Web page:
Whatever moral or legal consequences relate to Pouncey’s avoidance of disclosing his interest in the Appellant to Vanoc or any other party for that matter is frankly not relevant to the issues to be decided in this appeal; save as they relate to Pouncey’s credibility or determining the issue as to whether a share price was paid or payable to Pouncey for his shares.
 In my opinion the backdating of documents and the terms of the Membership Agreement confirm that the transfer of shares by Pouncey to Hill was nothing but window dressing to hide Pouncey’s involvement in the Appellant before Vanoc and no consideration was paid or was payable by Hill to Pouncey, who could demand their return for basically no consideration. Moreover, if an arm’s length transfer had occurred, it would make no sense for Hill to be expecting to be indemnified for his actions as owner. Finally, the evidence is clear that Hill considered Pouncey his boss having final word on all matters throughout the entire period of his relationship with the Appellant, i.e. before, during and after the Olympic games and needed his or Robbins permission to make large expenditures.
 Accordingly, the evidence does not support the Respondent’s assumptions found in paragraph 26(j) above that Hill agreed to pay $2.1M for the shares to Pouncey. Although the assumption there was a transfer is proven, such assumption has no bearing on the issue of whether the expenses claimed by the Appellant are valid, which I will discuss later on.
 Let me add at this point that the Minister had good cause to reasonably assume the sum of $2.1M was to compensate Pouncey for his shares. The evidence is clear that Mr. Bryan Hubbell, the Canadian accountant for the Appellant hired to deal with the Canada Revenue Agency (“CRA”) during the audit, confirmed in writing to the auditor, in correspondence dated December 17, 2011 that enclosed a memorandum wherein the Appellant answered questions posed by the CRA auditor that included the following statement:
…Full ownership of Edison Transportation, LLC was transferred to Mr. Hill. In exchange, iTransit would charge a 10% of the gross value of the contract as a commission for not only securing the contract, but for giving Mr. Hill the opportunity to create a bus company from scratch that would have instantaneous credibility of having worked as part of an Olympic event….
 The words “in exchange” clearly refer to the transfer of ownership to Hill, and can possibly be interpreted to suggest such funds were consideration for such transfer. Moreover, Hill himself made admissions on discovery that suggested the purpose of those funds was to pay for the shares, notwithstanding that he and all the other Appellant’s witnesses contradict that in their testimony at trial.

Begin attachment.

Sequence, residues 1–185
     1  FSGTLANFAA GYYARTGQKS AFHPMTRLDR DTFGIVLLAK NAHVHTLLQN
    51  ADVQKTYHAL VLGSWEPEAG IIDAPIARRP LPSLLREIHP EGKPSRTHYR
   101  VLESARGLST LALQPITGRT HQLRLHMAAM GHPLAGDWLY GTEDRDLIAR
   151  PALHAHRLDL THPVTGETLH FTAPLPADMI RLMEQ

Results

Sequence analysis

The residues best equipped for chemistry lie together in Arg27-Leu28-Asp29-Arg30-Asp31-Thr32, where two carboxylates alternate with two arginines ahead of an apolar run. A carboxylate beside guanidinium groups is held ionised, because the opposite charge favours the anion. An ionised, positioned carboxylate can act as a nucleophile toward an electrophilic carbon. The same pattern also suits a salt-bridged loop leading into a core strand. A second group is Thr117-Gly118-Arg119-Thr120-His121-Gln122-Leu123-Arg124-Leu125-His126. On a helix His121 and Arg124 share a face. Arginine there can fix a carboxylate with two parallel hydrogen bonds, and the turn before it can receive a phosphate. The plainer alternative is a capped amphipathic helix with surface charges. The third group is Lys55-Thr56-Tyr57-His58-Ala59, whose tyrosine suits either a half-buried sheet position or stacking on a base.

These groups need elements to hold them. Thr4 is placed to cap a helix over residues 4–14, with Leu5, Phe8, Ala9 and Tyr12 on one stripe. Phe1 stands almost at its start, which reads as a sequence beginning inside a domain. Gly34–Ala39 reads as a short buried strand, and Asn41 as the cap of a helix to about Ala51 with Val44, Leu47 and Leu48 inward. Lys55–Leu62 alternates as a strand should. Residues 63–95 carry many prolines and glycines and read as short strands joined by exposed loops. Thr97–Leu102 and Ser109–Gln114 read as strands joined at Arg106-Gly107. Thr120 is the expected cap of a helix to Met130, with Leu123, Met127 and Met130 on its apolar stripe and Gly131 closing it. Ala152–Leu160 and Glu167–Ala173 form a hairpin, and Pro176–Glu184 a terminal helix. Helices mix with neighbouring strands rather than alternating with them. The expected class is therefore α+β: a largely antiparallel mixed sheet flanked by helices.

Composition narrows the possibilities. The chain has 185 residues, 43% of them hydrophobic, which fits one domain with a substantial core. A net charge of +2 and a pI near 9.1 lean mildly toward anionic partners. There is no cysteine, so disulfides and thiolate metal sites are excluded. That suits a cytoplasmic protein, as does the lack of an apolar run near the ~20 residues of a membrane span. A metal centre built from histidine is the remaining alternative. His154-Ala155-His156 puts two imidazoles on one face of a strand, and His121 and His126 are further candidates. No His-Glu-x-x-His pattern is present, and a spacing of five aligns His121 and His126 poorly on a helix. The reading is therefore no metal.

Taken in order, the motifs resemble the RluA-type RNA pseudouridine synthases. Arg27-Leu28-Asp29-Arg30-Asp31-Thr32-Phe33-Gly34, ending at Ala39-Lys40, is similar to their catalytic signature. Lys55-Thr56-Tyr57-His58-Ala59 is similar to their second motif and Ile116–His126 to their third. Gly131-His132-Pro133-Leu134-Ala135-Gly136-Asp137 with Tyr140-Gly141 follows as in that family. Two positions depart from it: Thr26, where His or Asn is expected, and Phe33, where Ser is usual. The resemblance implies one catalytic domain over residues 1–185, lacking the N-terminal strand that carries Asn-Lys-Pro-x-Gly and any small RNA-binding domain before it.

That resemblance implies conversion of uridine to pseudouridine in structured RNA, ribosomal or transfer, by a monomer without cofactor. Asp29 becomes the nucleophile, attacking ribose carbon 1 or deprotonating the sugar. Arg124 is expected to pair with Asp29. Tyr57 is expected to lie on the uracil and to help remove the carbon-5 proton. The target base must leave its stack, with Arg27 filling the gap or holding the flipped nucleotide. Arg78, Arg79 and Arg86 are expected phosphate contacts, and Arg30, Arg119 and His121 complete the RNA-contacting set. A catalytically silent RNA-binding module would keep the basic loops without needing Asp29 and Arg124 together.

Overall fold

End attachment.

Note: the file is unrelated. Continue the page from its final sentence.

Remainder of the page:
However, viewing the evidence and documentation on the whole, I cannot conclude the payment of $2.1M US represents a payment for shares. The inconsistencies in evidence clearly suggest however that the Appellant and its witnesses seemed quite willing to adapt their explanation from time to time to suit their needs.
2. The Deductibility of the $2.5M Claimed Expenditure
 The Appellant claims a total deduction of $2.5M for total support services and commissions reflected as professional fees paid by the Appellant in 2010. While the Appellant denies that there was any breakdown of that total fee; specifically as $400,000 for support services and $2,100,000 for commissions as assumed by the Respondent, it is clear that regardless of any purported characterization or allocation of same, the Appellant did not pay a total of $2.5M to iTransit. The Appellant’s own evidence is that $2,166,324 was offset against amounts iTransit owed to the Appellant and that the balance of $333,000 was never paid because of the earlier mentioned shortfall of contractual funds paid by Gameday Canada to it. Apart from the claimed set off there is no evidence the balance of the fee was paid. Accordingly, the maximum claim of the Appellant for the denied expenses in issue in this appeal must be reduced accordingly as a starting point, there being no determinative evidence before me that such difference was adjusted for after 2010.
 With respect to the deductibility issue, counsel for the Appellant has argued that in order to find for the Respondent in this appeal, the Court must either find that there was no valid agreement for the Appellant to pay iTransit $2,500,000 or that iTransit did not procure the Gameday contract for the benefit of the Appellant and hence would not be entitled to any payment, be it a finder’s fee or commission, for same.
a) Validity of iTransit Agreement
 The Appellant’s main argument and evidence in favour of the deduction is based on the testimony of Pouncey and to some extent, of Robbins, the effective financial officer of both the Appellant and iTransit, that on or about May 4, 2009 they met with their lawyers and accountants together with Hill and discussed the fee to be paid by the Appellant to iTransit. Pouncey’s testimony was clear that the amount primarily reflected the cost to iTransit in providing support services to the Appellant, before, during and after the Games and thereafter to recognize the assistance granted in helping the Appellant secure the contract with Gameday Canada. An agreement dated May 4, 2009 was executed between the parties with the Appellant agreeing to pay a $2,500,000 fee and setting out the supporting role iTransit was to provide in return for same in rather broad, boiler plate- like and very general terms.
 Specifically, the Appellant argues that the Respondent admitted both in its pleadings and assumed in its Reply that this agreement was effective May 4, 2009 and so cannot deny its validity. Specifically the Respondent in paragraph 1 of its Reply admits the facts stated in paragraph 1.38 of the Notice of Appeal, which reads as follows: